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Sad Cypress

(Hercule Poirot #22)

3.89  ·  Rating details ·  25,495 ratings  ·  1,379 reviews
Elinor Carlisle once had money, happiness, and a wonderful fiance, but now shes on trial for murder. Hercule Poirot is called in to sift through clues and red herrings, searching for the complex truth hidden within a maze of deceit. [Sad Cypress is] among the very best of [Christies] classic titles. Robert Barnard, mystery writer
Audio Cassette, Unabridged, 6 pages
Published July 19th 2002 by Audio Partners (first published March 1940)
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Osenka This comes from wikipedia :

The title comes from a song from Act II, Scene IV of Shakespeare's Twelfth Night which is printed as an epigraph to the nov…more
This comes from wikipedia :

The title comes from a song from Act II, Scene IV of Shakespeare's Twelfth Night which is printed as an epigraph to the novel.

Come away, come away, death,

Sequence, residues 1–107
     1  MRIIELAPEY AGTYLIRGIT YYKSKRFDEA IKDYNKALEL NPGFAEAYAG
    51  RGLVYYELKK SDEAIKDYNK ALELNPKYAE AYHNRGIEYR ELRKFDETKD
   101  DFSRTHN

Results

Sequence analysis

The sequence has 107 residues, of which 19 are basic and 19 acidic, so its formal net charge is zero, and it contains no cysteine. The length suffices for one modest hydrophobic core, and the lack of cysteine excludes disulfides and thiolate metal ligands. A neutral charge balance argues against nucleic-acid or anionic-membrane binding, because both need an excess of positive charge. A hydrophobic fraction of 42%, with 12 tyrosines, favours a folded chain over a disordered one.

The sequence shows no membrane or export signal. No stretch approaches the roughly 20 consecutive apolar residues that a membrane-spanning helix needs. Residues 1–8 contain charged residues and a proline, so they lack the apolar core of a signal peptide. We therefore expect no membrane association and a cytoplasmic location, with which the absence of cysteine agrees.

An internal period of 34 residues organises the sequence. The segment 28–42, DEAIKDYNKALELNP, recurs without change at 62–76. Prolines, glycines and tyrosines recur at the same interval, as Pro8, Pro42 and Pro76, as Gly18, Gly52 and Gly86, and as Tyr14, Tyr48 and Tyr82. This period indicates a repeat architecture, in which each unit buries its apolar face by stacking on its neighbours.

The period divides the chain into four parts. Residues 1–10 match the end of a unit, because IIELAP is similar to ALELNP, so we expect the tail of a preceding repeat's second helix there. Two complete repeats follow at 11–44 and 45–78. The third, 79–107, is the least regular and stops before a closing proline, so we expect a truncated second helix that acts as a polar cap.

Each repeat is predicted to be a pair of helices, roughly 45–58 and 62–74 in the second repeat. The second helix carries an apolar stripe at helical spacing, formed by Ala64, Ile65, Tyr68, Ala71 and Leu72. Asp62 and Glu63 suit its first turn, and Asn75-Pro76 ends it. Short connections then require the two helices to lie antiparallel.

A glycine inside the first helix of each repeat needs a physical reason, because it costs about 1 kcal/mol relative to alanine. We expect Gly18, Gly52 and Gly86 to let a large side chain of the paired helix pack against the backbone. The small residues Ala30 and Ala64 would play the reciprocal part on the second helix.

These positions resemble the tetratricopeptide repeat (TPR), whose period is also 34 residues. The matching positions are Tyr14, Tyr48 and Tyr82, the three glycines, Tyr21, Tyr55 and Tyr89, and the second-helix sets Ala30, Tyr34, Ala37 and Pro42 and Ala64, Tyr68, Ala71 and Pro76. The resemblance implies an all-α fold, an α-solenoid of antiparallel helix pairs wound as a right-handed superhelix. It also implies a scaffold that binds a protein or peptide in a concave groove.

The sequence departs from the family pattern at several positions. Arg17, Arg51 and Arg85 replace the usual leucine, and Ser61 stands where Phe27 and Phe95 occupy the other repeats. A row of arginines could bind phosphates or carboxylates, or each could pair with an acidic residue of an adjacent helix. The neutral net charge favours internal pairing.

And in sad cypress let me be laid;
Fly away, fly away breath;
I am slain by a fair cruel maid.
My shroud of white, stuck all with yew,
O, prepare it!
My part of death, no one so true
Did share it.(less)
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Mansuriah Hassan
This is an unusual Poirot series, in which there is a possible miscarriage of justice. With a beautiful title taken from Shakespeare's 'Twelfth Night', Sad Cypress is often referred to one of the most outstanding Agatha Christie books, and also one of the best to feature our favourite Belgian investigator, Poirot. As the book opens, the main character Elinor Carlisle a woman blessed with beauty and brains reinforced by wealth - finds herself on trial for murder. The mystery of Elinor's personali ...more
Come away, come away, death,
And in sad cypress let me be laid;
Fly away, fly away breath;
I am slain by a fair cruel maid.
My shroud of white, stuck all with yew,
O, prepare it!
My part of death, no one so true
Did share it.

Shakespeare: Twelfth Night, Act II, Scene IV

“And suddenly, for a vivid minute, Hercule Poirot had a new conception of the dead girl. In that halting rustic voice the girl Mary lived and bloomed again. "She was like a flower."
There was suddenly a poignant sense of loss, of somethin
Ahmad Sharabiani
Sad Cypress (Hercule Poirot #22), Agatha Christie

Sad Cypress is a work of detective fiction by British writer Agatha Christie, first published in the UK by the Collins Crime Club in March 1940.